Phil Hogan’s resignation as the European Commissioner for Trade on 26 August 2020 led to much discussion around the potential damage to Irish influence on the Brexit negotiations due to the loss of the trade portfolio. While the Trade Commissioner will play a role in policing the EU-UK relationship in the years to come, including agreements related to Northern Ireland, Brexit negotiations are led on behalf of the EU’s Chief Brexit Negotiator, Michel Barnier.Mr Barnierreports directly to the Commission President, Ursula von der Leyen. As Ireland’s representative of the European Commission, former Commissioner Hogan, while not directly involved in the negotiations, may have informally influenced proceedings. However, as all EU Commissioners take a vow of independence under the Treaty on the Functioning of the European Union, no Commissioner should argue on behalf of a Member State. Rather, this is a matter for national governments. As such, on the surface an Irish Trade Commissioner could not have affected the outcome of Brexit. The withdrawl of Britian from the EU will undoubtedly be disruptive for Ireland, as the UK is our main trading partner and closest neighbour.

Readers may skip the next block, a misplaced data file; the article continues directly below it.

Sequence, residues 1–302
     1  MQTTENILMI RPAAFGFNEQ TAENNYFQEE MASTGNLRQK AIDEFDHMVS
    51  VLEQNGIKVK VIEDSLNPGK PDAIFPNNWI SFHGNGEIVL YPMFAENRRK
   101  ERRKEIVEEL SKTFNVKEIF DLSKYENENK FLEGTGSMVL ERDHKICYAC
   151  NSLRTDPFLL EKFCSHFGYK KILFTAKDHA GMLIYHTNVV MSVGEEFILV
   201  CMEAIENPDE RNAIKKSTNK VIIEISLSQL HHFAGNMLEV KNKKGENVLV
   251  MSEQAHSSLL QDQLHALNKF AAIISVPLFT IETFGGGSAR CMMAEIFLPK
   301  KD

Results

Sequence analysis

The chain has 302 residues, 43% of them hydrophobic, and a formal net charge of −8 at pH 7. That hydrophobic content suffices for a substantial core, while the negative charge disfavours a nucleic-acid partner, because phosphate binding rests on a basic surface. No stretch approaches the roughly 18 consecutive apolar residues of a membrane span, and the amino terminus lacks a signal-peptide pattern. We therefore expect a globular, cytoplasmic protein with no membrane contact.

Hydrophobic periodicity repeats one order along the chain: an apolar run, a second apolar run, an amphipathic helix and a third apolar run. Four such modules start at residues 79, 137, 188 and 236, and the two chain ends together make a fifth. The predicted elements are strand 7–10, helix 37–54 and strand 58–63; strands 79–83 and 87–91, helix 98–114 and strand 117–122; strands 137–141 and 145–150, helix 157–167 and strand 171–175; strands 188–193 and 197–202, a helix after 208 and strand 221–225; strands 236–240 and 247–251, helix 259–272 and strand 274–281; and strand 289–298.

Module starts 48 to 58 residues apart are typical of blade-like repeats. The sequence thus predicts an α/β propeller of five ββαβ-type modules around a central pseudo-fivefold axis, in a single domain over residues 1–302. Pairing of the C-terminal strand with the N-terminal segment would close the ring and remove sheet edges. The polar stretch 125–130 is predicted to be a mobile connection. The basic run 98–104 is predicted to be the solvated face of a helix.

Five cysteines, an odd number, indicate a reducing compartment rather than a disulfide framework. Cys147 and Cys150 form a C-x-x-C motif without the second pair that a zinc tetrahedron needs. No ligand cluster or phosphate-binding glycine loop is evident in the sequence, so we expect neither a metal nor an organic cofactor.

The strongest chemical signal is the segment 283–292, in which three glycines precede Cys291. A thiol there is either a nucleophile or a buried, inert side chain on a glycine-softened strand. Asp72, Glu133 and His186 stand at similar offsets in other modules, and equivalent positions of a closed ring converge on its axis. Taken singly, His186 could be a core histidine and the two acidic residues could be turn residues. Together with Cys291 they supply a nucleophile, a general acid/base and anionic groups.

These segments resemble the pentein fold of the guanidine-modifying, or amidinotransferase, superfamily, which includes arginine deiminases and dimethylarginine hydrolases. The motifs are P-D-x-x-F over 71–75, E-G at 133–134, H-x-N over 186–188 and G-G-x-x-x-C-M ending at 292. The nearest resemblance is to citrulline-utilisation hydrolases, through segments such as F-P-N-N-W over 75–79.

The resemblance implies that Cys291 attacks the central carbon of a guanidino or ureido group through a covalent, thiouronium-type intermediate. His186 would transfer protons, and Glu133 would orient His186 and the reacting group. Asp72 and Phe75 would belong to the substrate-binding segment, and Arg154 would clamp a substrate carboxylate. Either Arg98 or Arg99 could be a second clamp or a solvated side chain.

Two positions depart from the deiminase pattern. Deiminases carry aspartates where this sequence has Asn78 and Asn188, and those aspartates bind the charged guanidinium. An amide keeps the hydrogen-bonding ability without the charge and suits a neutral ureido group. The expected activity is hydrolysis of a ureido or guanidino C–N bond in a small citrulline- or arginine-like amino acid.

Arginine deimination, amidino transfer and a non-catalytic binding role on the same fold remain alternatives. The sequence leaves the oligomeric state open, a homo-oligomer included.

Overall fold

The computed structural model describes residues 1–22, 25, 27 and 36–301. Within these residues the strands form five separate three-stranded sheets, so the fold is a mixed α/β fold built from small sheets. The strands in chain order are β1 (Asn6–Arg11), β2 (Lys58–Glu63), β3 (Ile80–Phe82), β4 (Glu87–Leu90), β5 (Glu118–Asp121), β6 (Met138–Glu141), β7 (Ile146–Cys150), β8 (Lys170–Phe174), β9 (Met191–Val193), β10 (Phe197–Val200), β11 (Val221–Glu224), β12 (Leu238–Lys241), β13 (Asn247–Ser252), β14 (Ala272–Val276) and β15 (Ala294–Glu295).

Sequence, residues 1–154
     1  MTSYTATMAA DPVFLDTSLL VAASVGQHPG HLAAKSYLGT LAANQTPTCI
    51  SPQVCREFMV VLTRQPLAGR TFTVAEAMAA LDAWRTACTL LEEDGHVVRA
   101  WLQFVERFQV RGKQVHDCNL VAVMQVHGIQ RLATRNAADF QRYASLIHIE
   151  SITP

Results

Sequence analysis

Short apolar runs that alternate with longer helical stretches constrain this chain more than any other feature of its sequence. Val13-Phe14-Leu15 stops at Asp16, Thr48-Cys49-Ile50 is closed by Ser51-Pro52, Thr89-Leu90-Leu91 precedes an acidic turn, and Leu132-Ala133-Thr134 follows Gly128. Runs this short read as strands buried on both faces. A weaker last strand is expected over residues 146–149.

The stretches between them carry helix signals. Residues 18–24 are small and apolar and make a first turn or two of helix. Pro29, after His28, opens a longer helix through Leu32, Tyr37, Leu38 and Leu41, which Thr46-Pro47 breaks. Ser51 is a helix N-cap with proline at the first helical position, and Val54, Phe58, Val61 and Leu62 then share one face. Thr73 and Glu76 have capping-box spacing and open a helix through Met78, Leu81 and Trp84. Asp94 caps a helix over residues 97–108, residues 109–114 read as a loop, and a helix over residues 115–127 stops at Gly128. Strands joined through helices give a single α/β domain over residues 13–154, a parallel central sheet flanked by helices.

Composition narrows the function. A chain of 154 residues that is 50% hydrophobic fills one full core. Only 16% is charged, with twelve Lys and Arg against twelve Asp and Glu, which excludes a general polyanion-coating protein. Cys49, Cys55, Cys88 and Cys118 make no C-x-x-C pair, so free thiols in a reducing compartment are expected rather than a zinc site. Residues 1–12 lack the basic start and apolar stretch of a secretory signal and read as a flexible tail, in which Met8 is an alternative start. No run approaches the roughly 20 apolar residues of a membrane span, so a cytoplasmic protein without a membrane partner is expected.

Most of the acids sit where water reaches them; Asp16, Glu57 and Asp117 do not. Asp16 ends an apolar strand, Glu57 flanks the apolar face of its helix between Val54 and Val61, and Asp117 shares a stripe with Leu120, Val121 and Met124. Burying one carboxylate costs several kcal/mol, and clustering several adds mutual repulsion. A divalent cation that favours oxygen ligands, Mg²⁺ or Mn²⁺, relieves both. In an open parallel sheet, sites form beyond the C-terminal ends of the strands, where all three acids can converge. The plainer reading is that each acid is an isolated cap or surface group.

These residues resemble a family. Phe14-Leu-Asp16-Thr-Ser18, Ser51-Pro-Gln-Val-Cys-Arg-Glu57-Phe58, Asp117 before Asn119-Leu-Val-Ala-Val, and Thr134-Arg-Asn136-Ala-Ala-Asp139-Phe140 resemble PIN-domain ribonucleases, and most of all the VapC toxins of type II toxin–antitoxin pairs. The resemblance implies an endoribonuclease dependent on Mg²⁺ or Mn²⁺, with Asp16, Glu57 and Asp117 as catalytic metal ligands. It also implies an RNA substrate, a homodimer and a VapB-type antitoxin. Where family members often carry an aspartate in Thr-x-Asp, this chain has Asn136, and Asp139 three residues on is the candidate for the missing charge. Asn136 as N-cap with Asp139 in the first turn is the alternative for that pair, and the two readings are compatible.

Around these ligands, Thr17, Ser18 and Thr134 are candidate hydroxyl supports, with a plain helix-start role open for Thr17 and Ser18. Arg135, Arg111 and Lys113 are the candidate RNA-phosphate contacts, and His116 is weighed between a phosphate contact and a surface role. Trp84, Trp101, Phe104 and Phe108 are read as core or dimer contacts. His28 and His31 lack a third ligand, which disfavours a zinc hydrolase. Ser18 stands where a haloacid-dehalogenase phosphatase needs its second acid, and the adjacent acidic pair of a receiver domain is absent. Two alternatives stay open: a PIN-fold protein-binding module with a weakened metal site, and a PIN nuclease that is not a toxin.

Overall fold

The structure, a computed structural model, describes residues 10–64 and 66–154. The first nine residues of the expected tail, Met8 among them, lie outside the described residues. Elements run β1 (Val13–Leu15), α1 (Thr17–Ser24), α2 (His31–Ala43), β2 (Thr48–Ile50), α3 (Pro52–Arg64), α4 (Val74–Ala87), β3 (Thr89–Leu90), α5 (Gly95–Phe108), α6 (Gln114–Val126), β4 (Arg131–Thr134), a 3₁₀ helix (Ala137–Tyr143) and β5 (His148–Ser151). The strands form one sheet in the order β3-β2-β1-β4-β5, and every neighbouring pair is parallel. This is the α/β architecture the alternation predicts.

Meanwhile, President von der Leyen has nominated former Vice-President of the European Parliament, Mairead McGuinness MEP, to serve as European Commissioner for Financial Stability. This role will involve work on the creation of a single market for capital in the EU, and leading reform of the financial and banking industry aimed to strengthen stability and avoid repeats of past financial crises. In the context of Brexit, it is worth noting that some financial services may seek to relocate from London to EU financial hubs, including Dublin.
Mairead McGuinness is due to face a hearing in the European Parliament on 12 October 2020 as part of the confirmation process for her nomination.